Korea IT Times
Wednesday, January 25th, 2012
Raise expectations for Korean Language Competency in International Students
The world has witnessed a remarkable boom in the study of Korean language over the last five years. There are an increasing number of international students enrolling in Korean universities, often taking all their courses in Korean. I taught a course in Korean literature this year at Kyung Hee University and found many students from abroad were enrolled.
Koreans are trying hard to be accepting and kind to the foreigners who are learning Korean. Ironically, their kindness can have unexpected negative side effects. It is important to be friendly to foreigners, and it is important to be willing to speak to them in Korean, thereby letting them know that Korean is a universal language. One should feel entirely comfortable as a Korean to speak in Korean with foreigners. At the same time, however, it is a terrible mistake to treat internationals like babies when it comes to their ability in Korean. We should be friendly, but firm, in demanding that foreigners rise to the challenge of learning Korean properly.
One of the most serious problems we find is that many foreign students do not learn Korean to a high level of proficiency and cannot express complex issues, or write sophisticated essays in Korean. Part of the problem lies with textbooks for Korean, and part of the problem is related to the relative immaturity of the field of Korean language instruction. But the biggest problem is the assumptions of Koreans about foreigners speaking Korean.
Koreans more often than not do not expect foreigners to speak or write Korean proficiently and so do not correct foreigners when they make mistakes. Korean professors let international students slip by with rather poor writing skills in Korean. But this kindness is in fact cruel. Those students do not hold themselves to the highest standards in their use of Korean and as a result do not make the progress that they might have made during their time in Korea. They cheat themselves of an invaluable opportunity to master the language. But Koreans also are deprived of future experts overseas with a high proficiency in the Korean language.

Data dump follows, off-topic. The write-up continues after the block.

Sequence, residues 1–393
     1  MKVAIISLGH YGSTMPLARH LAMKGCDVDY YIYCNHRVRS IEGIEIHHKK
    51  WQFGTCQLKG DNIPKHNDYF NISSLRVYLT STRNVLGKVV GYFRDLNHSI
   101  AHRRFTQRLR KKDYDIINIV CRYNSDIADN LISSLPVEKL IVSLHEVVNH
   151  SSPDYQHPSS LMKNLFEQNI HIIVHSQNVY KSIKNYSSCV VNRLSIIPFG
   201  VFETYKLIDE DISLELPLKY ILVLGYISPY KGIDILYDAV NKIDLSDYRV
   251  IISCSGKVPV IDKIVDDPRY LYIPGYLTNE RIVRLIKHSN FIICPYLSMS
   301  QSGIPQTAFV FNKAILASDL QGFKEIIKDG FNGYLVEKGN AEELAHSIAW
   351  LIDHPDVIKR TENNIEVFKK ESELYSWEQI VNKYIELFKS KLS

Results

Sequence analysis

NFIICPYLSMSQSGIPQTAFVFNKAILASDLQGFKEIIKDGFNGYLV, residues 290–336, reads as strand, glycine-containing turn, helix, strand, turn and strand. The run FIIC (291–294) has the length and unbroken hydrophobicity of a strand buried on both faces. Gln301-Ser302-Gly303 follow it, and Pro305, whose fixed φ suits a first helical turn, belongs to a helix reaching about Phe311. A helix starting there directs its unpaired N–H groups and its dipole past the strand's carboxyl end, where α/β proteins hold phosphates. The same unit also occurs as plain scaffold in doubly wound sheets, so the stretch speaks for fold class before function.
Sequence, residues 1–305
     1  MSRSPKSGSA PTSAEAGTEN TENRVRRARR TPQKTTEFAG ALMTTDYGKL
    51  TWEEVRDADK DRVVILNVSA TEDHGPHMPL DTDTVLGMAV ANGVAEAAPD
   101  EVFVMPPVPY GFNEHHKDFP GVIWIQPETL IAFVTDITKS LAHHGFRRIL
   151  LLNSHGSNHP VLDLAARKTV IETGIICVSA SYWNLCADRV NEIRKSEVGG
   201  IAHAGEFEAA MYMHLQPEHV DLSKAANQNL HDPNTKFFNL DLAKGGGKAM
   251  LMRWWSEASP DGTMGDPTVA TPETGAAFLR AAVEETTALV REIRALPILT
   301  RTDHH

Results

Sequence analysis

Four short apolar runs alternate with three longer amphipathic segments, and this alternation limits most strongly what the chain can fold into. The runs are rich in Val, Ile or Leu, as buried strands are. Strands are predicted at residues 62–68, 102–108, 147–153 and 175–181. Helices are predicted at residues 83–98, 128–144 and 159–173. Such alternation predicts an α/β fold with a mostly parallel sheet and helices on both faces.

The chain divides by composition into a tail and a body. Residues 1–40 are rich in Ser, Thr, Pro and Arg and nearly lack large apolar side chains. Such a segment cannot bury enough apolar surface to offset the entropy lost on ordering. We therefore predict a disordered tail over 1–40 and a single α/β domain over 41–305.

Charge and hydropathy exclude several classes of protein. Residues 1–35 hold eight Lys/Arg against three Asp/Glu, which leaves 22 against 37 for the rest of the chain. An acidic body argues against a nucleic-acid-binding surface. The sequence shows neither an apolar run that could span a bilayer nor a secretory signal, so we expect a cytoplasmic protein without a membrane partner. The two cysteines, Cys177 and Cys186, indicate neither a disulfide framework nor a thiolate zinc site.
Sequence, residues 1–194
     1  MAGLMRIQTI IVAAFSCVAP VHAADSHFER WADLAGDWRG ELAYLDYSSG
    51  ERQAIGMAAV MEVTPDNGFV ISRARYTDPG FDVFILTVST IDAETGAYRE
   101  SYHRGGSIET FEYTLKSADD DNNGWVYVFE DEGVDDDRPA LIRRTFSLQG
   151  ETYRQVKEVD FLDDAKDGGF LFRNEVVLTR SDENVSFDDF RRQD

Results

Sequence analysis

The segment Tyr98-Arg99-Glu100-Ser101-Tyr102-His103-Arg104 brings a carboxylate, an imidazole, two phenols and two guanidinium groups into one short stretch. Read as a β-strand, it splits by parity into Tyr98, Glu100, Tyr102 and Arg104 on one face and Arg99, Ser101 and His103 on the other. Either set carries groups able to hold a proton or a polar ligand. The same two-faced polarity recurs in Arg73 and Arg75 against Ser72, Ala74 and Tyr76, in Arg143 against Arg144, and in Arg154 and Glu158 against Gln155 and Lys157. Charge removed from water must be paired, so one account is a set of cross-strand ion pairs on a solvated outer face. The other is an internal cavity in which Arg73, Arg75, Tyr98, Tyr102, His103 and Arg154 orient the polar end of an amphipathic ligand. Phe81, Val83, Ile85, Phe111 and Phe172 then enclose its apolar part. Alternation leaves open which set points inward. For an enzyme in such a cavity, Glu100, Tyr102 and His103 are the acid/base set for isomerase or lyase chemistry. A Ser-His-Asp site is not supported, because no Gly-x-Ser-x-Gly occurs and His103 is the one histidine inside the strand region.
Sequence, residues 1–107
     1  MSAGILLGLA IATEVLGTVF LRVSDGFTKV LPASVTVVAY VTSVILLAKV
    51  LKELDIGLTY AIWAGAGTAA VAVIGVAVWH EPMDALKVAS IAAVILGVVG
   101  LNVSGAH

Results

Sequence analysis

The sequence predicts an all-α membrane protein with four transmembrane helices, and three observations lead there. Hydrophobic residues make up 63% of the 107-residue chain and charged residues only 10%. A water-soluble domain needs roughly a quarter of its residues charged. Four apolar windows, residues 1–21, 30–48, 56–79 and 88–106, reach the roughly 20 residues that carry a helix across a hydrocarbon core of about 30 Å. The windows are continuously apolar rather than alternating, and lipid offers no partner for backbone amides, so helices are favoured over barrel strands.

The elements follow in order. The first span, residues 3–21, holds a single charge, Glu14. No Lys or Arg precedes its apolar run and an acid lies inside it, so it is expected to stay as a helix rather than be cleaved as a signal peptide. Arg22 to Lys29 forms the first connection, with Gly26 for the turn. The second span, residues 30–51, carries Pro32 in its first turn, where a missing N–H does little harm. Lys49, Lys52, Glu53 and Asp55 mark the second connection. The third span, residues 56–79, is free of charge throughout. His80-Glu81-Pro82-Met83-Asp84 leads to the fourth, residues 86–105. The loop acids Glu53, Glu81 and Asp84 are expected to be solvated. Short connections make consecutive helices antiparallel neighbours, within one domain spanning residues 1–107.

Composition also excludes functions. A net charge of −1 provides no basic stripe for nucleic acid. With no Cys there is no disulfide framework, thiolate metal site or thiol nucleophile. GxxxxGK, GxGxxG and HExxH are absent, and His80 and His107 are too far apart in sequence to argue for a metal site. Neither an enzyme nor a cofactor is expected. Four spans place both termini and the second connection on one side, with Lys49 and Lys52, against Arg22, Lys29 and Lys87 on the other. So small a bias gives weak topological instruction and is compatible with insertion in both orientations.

Korean professors and Korean students must insist that when foreign students do their writing and speaking in Korean they must perform at the highest level possible. There is no doubt that the international students can rise to meet the challenge.
I myself feel strongly that the willingness of Koreans to overlook the imperfections in my spoken and written Korean has been a hindrance. If Koreans said that they did not understand me when they did not, if they noted that my writing in Korean was incorrect when it was not, I could have made far more progress. But at every level of Korean usage in Korea, it is just assumed that foreigners cannot rise to the challenge of speaking Korean. I make mistakes and I simply do not know that they are mistakes. If we start to demand high proficiency in Korean, flawless composition or pronunciation, we will get exactly that from foreign students. As long as we think foreigners can never learn to speak Korean at the same level as a native speaker, they never will.